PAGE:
Who's eligible for the latest forgiveness?

student debt
@MargJohnsonVA / Twenty20

The fresh debt forgiveness is going to students who attended ITT Technical Institute and made claims against the school for misrepresentation or deceit, the Education Department announced Wednesday. ITT, a for-profit technical school that operated campuses across the U.S., closed in 2016.

Eligible borrowers will receive 100% loan discharges, totaling about $500 million. Claims from some 18,000 students have been approved, the department says.

"Our action today will give thousands of borrowers a fresh start and the relief they deserve after ITT repeatedly lied to them," Education Secretary Miguel Cardona says in a news release.

Officials found that the school misrepresented how much students could expect to earn and the types of jobs they could land after graduation. In reality, borrowers told the department that having ITT on their resumes made it harder to find employment.

This is 'borrower defense' debt cancellation

student debt
@BeautyStars / Twenty20

This latest round of forgiveness is thanks to provisions in the law that allow borrowers with federal student loans to ask that the debt be erased if their schools did anything deceptive or illegal — or abruptly went out of business.

For one of these "borrower defense" claims to be approved, you must be able to demonstrate that your college violated state law with your loan or with the education services the school provided.

This new relief is in addition to $1 billion in student debt the Biden White House canceled earlier this year under the same law. A later, unrelated move forgave another $1.3 billion.

In the case of ITT, eligible borrowers will receive notices over the next several weeks — followed by forgiveness of their loans.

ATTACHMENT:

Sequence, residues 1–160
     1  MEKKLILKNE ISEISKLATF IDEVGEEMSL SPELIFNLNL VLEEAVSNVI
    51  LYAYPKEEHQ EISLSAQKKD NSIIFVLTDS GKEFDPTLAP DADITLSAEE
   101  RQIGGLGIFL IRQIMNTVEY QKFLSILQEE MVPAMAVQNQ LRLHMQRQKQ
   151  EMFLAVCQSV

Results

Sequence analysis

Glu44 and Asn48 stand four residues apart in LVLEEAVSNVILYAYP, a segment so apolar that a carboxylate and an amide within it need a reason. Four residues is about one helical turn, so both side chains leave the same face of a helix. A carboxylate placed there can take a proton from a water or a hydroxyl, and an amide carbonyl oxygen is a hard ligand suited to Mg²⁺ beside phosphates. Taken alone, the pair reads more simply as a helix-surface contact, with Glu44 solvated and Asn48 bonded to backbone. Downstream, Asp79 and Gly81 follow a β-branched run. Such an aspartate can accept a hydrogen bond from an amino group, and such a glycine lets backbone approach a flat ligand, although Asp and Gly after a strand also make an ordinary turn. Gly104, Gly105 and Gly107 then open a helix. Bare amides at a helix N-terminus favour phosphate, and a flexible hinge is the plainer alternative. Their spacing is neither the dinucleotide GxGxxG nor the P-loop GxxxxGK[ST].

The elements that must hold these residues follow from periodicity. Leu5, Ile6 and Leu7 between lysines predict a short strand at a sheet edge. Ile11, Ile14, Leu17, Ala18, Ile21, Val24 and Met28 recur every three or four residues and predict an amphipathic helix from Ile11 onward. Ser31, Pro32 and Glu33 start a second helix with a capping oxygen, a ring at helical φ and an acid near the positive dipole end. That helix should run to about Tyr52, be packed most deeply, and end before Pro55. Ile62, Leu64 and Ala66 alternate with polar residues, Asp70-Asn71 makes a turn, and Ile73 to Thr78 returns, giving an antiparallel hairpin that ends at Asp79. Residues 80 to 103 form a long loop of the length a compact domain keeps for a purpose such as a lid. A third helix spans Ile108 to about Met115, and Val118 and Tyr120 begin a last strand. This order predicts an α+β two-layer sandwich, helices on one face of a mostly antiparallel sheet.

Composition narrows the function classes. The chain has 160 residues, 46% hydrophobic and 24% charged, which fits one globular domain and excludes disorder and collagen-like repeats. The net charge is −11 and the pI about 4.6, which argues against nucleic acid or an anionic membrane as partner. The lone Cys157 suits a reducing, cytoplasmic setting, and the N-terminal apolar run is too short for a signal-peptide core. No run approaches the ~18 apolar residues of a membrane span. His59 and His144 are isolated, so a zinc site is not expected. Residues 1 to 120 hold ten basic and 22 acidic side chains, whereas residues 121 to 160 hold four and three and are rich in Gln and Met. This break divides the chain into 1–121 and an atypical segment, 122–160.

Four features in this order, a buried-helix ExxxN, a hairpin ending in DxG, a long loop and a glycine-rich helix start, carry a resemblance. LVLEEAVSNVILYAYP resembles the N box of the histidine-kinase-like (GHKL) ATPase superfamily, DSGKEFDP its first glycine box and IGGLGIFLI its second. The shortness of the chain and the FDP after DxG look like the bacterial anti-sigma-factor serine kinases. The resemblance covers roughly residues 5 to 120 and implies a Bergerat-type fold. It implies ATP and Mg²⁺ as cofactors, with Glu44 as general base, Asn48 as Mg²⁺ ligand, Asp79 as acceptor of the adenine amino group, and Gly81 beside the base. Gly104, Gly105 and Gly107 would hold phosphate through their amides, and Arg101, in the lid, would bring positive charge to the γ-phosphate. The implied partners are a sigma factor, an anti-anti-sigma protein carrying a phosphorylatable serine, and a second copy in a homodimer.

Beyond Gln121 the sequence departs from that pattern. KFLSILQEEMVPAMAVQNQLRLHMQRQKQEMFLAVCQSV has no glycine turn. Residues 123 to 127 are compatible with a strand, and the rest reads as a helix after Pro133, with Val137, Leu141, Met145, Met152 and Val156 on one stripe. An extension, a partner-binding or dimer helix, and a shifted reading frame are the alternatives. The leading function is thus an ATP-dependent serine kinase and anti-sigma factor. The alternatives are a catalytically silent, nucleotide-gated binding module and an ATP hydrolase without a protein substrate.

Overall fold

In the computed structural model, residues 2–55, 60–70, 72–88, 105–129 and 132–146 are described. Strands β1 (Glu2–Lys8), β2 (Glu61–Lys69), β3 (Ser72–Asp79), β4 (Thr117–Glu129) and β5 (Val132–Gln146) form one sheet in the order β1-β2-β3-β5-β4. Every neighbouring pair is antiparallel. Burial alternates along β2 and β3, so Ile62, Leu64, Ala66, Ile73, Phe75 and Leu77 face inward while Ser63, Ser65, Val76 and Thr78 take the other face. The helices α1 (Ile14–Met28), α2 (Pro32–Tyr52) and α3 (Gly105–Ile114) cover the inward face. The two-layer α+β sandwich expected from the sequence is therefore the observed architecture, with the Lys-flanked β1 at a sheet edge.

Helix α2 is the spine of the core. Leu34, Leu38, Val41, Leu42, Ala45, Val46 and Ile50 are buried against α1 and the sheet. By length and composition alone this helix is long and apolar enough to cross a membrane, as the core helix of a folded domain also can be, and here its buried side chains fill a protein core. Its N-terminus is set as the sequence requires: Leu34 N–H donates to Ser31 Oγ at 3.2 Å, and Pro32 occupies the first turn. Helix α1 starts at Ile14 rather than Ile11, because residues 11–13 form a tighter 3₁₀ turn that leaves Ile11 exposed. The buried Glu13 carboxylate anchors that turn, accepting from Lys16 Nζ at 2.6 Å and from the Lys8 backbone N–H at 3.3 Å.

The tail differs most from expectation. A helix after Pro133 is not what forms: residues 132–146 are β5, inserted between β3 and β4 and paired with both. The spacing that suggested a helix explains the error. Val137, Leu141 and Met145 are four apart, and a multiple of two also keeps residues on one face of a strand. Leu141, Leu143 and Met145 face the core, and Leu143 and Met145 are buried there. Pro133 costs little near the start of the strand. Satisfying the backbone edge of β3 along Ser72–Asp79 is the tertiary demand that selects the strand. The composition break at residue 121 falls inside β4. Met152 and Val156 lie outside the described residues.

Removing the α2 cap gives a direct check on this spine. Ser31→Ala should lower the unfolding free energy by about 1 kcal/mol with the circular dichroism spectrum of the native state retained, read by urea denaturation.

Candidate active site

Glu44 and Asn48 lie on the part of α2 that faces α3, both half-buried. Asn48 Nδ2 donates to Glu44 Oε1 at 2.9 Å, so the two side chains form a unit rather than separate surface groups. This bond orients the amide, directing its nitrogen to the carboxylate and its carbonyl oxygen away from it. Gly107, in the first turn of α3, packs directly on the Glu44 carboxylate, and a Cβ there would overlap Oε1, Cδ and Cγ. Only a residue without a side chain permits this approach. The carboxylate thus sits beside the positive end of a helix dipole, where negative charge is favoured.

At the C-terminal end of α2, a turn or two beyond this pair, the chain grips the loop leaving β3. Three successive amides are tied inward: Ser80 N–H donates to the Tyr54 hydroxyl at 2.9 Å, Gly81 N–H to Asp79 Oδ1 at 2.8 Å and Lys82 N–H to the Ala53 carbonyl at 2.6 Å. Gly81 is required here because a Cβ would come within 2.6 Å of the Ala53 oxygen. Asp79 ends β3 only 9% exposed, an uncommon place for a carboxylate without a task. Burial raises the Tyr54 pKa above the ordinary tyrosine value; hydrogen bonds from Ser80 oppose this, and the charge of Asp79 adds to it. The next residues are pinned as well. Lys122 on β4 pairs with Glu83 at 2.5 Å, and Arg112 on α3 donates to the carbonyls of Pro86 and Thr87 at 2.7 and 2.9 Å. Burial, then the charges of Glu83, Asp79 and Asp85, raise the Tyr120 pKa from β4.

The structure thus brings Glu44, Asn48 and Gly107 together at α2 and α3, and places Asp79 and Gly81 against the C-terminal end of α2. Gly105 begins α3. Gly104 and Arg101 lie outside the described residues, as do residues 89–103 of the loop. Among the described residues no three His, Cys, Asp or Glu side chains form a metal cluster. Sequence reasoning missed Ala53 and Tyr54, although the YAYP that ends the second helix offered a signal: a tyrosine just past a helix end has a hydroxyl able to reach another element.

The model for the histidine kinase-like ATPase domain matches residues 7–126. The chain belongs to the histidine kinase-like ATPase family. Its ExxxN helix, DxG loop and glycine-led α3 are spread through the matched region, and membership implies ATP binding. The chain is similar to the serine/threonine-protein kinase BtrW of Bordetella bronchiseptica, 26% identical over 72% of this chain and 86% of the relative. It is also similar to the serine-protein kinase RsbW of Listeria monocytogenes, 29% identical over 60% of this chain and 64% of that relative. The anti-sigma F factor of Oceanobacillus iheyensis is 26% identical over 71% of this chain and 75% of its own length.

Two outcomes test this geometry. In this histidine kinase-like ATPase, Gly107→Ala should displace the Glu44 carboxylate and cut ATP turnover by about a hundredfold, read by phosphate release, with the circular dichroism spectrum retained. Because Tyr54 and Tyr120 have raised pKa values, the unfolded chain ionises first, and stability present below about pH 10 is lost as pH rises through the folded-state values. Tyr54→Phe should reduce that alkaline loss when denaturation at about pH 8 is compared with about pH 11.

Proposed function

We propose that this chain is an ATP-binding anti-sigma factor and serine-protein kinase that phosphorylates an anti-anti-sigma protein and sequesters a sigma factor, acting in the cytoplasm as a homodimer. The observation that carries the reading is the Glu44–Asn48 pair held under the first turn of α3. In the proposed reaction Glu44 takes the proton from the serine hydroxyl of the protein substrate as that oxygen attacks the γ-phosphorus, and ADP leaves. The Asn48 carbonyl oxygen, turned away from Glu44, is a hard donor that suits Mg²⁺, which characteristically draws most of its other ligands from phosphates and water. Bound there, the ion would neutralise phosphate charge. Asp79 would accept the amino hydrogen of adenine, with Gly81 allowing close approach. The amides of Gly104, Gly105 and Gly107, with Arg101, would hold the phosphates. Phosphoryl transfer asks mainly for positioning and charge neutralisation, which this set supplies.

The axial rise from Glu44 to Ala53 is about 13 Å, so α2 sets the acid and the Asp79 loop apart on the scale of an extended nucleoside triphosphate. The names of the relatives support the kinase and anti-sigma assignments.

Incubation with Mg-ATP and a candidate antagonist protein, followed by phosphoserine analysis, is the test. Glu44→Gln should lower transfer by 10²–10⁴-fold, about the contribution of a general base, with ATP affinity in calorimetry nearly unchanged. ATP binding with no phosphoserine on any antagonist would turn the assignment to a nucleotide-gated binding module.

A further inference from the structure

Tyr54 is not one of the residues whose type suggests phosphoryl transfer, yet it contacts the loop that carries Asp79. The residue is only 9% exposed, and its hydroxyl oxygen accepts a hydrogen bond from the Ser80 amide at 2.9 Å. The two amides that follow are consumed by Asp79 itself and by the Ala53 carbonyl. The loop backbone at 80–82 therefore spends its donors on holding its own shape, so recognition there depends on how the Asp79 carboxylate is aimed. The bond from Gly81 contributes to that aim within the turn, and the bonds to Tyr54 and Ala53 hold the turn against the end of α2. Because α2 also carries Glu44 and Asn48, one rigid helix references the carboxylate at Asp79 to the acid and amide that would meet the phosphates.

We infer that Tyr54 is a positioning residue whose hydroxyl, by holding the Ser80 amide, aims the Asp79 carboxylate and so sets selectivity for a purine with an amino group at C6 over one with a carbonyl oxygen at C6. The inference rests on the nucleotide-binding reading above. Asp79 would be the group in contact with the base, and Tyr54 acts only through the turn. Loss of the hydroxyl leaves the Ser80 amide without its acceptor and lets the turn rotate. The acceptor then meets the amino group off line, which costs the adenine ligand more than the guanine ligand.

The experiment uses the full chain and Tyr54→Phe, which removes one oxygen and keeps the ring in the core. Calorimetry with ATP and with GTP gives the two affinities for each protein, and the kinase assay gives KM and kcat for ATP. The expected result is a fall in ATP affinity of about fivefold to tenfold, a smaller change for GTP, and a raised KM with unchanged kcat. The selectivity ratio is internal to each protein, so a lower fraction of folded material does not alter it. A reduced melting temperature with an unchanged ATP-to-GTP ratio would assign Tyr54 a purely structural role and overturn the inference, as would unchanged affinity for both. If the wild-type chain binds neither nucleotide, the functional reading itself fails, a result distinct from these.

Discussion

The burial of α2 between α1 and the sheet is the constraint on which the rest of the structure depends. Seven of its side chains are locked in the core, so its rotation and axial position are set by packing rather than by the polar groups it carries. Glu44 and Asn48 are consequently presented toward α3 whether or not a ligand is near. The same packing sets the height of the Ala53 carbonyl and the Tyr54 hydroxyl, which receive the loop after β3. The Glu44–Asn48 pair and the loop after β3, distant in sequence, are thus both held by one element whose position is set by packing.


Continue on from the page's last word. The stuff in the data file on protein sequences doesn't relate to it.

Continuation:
What about broader student loan forgiveness?

This year's debt cancellations are — to be honest — just small change compared to the sweeping student loan forgiveness that's being discussed in Washington and is advocated by a number of influential lawmakers.

Members of Congress have been on a mission to convince President Biden to obliterate up to $50,000 in federal student loan debt for every American saddled with unpaid college loans. They want the president to use his executive authority to strike the debt.

He has said he’s willing to cancel $10,000 in student debt, but he has rebuffed calls for the bigger amount. Still, he has asked administration officials to look into the idea, and he recently told Senate Majority Leader Chuck Schumer and Massachusetts Sen. Elizabeth Warren that they're welcome to keep pushing him on the issue.

Those fighting for more generous relief say it would give Americans a more meaningful break from crushing student debt that's kept them from buying homes and cars, getting married and investing for their futures.

How to deal with your student debt in the meantime

student debt
@natabene / Twenty20

If you’re not eligible for the government’s latest forgiveness plan and you need relief from overwhelming student loan debt, there are things you can do right now to make your life a little easier.

First, consider refinancing your student loans. Interest rates on student loan refinances from private lenders have hit record lows, so replacing your debt with a new private student loan could cut your monthly payments substantially.

Refinancing a federal student loan into a private one would make you ineligible if federal loan forgiveness ever happens.

If you’re a homeowner, you might want to refinance your mortgage. With 30-year rates averaging less than 3%, some 14.1 million mortgage holders could save an average of $287 a month by refinancing, according to mortgage technology and data provider Black Knight.

The best rates go to borrowers with the highest credit scores. If you haven't seen your score in a while, it’s easy now to take a look at your credit score for free.

After you've cut your debt costs, you might generate a little more income with some low-stakes investing in the stock market. One popular app helps you build a diversified portfolio using little more than your "space change" from everyday purchases.

About the Author

Nancy Sarnoff

Nancy Sarnoff

Freelance Contributor

Nancy Sarnoff is a freelance contributor with MoneyWise. Previously, she covered commercial and residential real estate for the Houston Chronicle where she also hosted Looped In, a podcast about the region’s growth, development and economy. Her work has been recognized by the National Association of Real Estate Editors and the Society of American Business Editors and Writers.

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